As industrial robotic operations grow, especially in the automotive industry, the manufacturing sector continues to save millions. Meanwhile, working conditions improve as robots take mundane, repetitive, and dangerous task loads from human workers.

At present, the largest market share of industrial robots is held in the Asia-Pacific region – namely, China, Japan, Korea, and India. But as current trends suggest, these falling prices will only steer further global reach.

Grassley: Fusion GPS Testimony “Extremely Misleading, If Not An Outright Lie”

Senate Judiciary Committee Chairman Chuck Grassley (R-IA) has accused Fusion GPS founder Glenn Simpson of giving “extremely misleading” testimony that may have been an “outright lie” regarding his post-election work conducting opposition research on the Trump matter. 

Of note, when Rep. Adam Schiff (D-CA) asked Simpson if he was still being paid for work related to the dossier, Simpson refused to answer

So you didn’t do any work on the Trump matter after the election date; that was the end of your work?” Schiff asked.

Simpson responded, saying: “I had no client after the election.

where we do have actual evidence of misleading testimony in Committee interviews, we should treat it seriously. For example, when the Committee staff interviewed Glenn Simpson in August of 2017, Majority staff asked him: “So you didn’t do any work on the Trump matter after the election date, that was the end of your work?” Mr. Simpson answered: “I had no client after the election.”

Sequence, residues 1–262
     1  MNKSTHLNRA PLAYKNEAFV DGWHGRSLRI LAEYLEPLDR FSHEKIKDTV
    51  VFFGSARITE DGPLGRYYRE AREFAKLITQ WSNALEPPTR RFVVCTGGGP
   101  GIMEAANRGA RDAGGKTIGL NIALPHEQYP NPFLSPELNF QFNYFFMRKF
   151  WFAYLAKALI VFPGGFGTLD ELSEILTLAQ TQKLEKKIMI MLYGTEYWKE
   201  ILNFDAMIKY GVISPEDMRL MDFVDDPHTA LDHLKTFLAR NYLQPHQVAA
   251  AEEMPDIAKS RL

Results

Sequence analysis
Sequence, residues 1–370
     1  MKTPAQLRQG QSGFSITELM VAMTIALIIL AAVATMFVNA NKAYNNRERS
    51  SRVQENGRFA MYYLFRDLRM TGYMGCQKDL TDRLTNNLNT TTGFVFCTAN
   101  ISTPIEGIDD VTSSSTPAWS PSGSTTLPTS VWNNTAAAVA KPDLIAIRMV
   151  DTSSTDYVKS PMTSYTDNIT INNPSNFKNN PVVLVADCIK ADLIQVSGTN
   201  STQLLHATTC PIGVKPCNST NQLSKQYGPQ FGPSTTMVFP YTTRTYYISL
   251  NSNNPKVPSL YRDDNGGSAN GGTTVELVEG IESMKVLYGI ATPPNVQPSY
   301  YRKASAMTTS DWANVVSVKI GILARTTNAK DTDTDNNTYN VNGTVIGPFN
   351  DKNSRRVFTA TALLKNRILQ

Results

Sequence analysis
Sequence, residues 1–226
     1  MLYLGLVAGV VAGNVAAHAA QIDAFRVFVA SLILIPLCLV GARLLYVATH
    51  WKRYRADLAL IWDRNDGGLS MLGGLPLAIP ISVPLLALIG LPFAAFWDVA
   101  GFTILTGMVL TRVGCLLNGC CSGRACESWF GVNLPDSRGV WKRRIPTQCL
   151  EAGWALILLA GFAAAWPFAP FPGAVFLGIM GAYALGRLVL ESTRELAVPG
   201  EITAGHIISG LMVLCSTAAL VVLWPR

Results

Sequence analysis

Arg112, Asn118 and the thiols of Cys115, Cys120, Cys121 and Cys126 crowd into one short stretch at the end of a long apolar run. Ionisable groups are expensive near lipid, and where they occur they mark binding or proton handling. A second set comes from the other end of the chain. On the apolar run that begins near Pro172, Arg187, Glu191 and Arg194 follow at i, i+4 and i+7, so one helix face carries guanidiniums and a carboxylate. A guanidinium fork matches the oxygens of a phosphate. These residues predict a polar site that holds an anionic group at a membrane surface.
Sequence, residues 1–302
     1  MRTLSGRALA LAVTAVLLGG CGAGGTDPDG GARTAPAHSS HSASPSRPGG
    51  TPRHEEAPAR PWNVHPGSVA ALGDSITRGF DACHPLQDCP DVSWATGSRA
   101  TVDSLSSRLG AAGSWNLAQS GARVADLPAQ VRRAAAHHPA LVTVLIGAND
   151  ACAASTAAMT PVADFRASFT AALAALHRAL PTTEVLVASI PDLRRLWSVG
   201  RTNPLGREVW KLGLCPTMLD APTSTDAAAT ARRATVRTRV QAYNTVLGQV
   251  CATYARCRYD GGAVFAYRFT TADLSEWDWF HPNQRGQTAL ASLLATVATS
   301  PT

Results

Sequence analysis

As we now know, that was extremely misleading, if not an outright lie. -Sen. Chuck Grassley

“Contrary to Mr. Simpson’s denial in the staff interview, according to the FBI and others,” Grassley notes, “Fusion actually did continue Trump dossier work for a new client after the election.”

Grassley also noted comments made by Senate Intelligence Committee staffer Daniel Jones, who is conducting an ongoing, private investigation into Trump-Russia claims is being funded with $50 million supplied by George Soros and a group of 7-10 wealthy donors from California and New York.

This effort was originally revealed in February and reported on by The Federalistafter a series of leaked text messages between Senator Mark Warner (D-VA) and lobbyist Adam Waldman suggested that Daniel J. Jones – an ex-FBI investigator and former Feinstein staffer, was intimately involved with ongoing efforts to retroactively validate a series of salacious and unverified memos published by Christopher Steele, a former British intelligence agent, and Fusion GPS.

In short, Jones is working with Fusion GPS and Christopher Steele to continue their investigation into Donald Trump, using a $50 million war chest just revealed by the House Intel Committee report.

Simpson was commissioned by the DNC and Hillary Clinton campaign to perform opposition research on the Trump campaign during the 2016 election. Through their efforts they recruited former MI6 spy Christopher Steele to compile the salacious and unverified “Steele Dossier” used in part by the FBI to apply for a FISA surveillance warrant on Trump campaign aide Carter Page. 

“So, despite the fact Mr. Simpson said he had no client after the election, he in fact did, and that client revealed himself to the FBI,” Grassley said.